Supporting NRA’s Policy Proposal for School Security

Yet another White House petition, to demand the White get behind NRA, but unlike the one for Piers Morgan, this one is serious. Some folks are questioning the value of these petitions. Here’s the value:

So I think they have some value. Do I expect them to result in a reaction from the White House? Do I expect it to translate into real policy? No. But it at least let’s them know we’re here and paying attention.

11 thoughts on “Supporting NRA’s Policy Proposal for School Security”

  1. This might offer a “show of support” but it also has the counter effect of going to the well and our troops will fatigue over time. At some point, some of our team are going to get another alert to call their congressmen or senators, maybe from NRA, maybe from a state affiliate, maybe from a grassroots org, or a blog or all of those and at some point they stop and say… “to heck with it, I filled out the damn petition on, what more do they want from me?

    This is likely to involve administrative action by ATF at some point next year as well, where we make a traditionally much worse showing in public comments. It would be interesting to see how many of these persons also opposed ATF’s registration of multiple rifle sales, and their proposed shotgun importation ban. In fact, it’s too bad more didn’t opposed these efforts. Bloomberg was responsible for delivering over 10,000 petition entries on the rifle sale information collection. So these efforts might have some positive benefit, but I’d prefer to see the effort go to calling congressional offices and opposing any new gun bans.

    1. just to clarify ‘we make a traditionally worse showing in public comments’ – by that I mean that our response to administrative actions as a team are traditionally less enthusiastic than higher profile legislation.

    2. This might offer a “show of support” but it also has the counter effect of going to the well and our troops will fatigue over time.

      That’s a real concern, but I’m hoping people who read here aren’t the types that will easily wear out.

      1. And I’m pretty sure all of us realize “signing” a petition that’ll get in return the following won’t accomplish much:

        A Message from President Obama about Your Petition on Reducing Gun Violence

        By Bruce Reed, Chief of Staff to Vice President Biden

        Assuring us that (just the relevant sentences, no attempt to indicate snipped sections):

        The President asked the Vice President to lead this effort in part because he wrote and passed the 1994 Crime Bill that helped law enforcement bring down the rate of violent crime in America. That bill included the assault weapons ban, which expired in 2004.

        Two decades ago, as domestic policy adviser in the Clinton White House, I first worked with Joe Biden as he fought to enact the Crime Bill, the assault weapons ban, and the Brady Bill.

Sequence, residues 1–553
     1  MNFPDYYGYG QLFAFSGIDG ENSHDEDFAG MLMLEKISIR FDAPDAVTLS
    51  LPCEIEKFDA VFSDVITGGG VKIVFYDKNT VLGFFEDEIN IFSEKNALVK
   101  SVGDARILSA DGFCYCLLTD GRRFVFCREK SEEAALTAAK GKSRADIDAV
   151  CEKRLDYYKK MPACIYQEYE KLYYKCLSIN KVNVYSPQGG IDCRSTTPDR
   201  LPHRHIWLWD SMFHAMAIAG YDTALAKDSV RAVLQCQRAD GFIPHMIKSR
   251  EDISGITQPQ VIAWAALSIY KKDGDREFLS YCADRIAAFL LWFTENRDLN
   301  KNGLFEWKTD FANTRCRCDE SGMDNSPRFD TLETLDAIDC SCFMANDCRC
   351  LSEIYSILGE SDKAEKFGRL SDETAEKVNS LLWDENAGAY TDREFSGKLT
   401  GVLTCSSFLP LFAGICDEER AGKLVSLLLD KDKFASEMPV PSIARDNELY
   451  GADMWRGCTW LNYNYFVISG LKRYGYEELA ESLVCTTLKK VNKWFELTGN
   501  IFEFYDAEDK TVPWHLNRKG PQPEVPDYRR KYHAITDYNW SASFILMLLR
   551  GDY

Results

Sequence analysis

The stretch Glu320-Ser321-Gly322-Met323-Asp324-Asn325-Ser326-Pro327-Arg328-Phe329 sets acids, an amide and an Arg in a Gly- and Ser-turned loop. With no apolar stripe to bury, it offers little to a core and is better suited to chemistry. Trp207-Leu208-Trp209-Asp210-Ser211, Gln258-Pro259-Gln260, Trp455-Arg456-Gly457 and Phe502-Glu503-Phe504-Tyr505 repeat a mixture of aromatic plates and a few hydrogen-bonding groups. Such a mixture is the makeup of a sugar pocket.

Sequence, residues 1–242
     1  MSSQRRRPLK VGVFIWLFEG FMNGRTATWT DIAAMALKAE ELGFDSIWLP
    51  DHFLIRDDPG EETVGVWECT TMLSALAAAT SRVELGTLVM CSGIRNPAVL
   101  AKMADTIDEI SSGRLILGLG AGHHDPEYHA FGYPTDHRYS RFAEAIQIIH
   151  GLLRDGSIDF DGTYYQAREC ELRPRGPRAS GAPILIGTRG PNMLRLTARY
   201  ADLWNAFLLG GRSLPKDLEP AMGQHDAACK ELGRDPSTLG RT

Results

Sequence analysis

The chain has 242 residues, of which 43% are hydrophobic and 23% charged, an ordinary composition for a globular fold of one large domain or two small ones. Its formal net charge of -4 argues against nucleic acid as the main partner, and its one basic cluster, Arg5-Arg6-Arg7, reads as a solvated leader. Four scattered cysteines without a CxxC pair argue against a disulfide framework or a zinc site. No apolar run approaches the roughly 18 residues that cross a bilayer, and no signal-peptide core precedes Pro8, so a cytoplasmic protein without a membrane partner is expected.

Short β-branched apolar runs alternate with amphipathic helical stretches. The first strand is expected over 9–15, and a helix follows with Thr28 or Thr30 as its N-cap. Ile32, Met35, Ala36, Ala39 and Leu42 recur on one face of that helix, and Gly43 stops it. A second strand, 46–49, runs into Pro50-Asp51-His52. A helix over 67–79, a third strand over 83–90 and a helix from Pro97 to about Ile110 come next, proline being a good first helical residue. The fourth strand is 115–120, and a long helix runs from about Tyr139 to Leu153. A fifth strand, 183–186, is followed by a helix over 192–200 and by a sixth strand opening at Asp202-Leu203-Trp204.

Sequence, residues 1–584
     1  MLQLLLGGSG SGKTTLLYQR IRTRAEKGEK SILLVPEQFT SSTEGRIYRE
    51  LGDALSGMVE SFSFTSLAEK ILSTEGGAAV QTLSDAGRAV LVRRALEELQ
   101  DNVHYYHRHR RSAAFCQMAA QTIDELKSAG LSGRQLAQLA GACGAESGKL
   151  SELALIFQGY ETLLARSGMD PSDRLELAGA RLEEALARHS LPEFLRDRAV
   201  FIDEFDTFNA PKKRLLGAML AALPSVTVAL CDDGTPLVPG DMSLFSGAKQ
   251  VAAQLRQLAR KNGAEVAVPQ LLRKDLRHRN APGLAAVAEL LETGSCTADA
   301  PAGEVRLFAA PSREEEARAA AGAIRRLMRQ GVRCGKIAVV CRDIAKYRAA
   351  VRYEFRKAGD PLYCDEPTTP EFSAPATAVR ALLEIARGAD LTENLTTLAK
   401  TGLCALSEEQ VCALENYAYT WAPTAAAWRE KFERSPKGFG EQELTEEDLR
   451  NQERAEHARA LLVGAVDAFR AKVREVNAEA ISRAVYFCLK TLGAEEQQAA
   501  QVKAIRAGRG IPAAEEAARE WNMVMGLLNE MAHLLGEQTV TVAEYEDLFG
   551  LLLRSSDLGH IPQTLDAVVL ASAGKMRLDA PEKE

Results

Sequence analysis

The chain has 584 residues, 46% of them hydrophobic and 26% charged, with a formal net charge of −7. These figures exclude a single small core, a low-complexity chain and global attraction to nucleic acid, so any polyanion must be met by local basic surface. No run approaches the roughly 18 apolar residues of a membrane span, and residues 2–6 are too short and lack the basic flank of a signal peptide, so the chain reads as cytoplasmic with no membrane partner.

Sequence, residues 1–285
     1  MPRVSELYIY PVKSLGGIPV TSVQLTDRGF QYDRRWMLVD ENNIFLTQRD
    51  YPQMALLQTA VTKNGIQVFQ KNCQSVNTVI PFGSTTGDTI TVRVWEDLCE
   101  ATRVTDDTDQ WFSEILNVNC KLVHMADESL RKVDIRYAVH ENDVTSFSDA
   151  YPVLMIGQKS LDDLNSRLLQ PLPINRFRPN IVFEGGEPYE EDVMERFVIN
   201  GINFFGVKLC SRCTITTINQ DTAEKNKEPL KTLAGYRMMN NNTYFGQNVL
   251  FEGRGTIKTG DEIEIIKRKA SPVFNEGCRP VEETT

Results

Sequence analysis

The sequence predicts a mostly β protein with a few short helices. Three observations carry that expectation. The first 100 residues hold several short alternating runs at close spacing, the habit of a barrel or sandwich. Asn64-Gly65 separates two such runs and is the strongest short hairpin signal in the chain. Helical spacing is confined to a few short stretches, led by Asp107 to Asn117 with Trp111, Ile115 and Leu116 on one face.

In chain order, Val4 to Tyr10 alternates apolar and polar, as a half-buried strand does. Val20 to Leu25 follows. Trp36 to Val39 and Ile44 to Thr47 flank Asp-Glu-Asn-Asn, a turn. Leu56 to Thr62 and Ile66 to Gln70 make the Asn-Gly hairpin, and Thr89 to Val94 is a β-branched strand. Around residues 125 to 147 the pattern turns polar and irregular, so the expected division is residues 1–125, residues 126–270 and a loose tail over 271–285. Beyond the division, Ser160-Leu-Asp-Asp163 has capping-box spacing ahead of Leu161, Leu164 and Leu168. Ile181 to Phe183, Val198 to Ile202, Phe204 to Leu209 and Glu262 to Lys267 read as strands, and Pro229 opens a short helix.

The President called on Congress to pass important legislation “banning the sale of military-style assault weapons,” “banning the sale of high-capacity ammunition clips,” and “requiring background checks before all gun purchases, so that criminals can’t take advantage of legal loopholes to buy a gun from somebody who won’t take the responsibility of doing a background check at all.”

        [That’s pretty nasty given that we don’t have access to the NICS.]

        And let’s be clear, any action we take will respect the Second Amendment. As the President said:

        [A lot of BS, more of the same on banning our guns and magazines.]

        If we’re going to change things, it’s going to take a wave of Americans — mothers and fathers, daughters and sons, pastors, law enforcement, mental health professionals — and, yes, gun owners — standing up and saying ‘enough’ on behalf of our kids.”

        I think we can figure out who that “enough” is aimed at….

    1. I hope Sebastian is right. I’m helping draft a ‘canned correspondence’ for the upcoming busy season. One of many I’m sure. That video of the Joe Manchin protest ought to be an object lesson for any politician thinking of jumping on the gun ban bandwagon ( apologies, I know that sounds a little goofy ), there will be a stiff political price to pay.

      All of us need to be willing to -be- the boots on the ground in such a protest, or the one typing the email, sending the fax or calling the congressional office. We can’t buy our way out of this or “tithe” to NRA and expect them to do it for us. Like it or not we are all in this fight.

  2. I’ve been involved in some activism on some other fronts and the WH petitions were generally part of the grass roots ground game. At the risk of sounding cynical, I really think that the petitions just help the WH compose their platitudes. I’ve yet to see any real action come of them. The responses generally go something like this:
    “The Prez has been notified that this petition, like 100s of others today, has reached the threshold where we’re bound to answer. So, uh, yeah; the President heard about your cause and feels very passionate about ______________. When the President took office, he promised America that he would _________________. There are many challenges related to [YOUR ISSUE] and the President wants you to know how important he thinks it is. We sincerely hope that this form letter properly conveys the administration’s concern about ______________ .”

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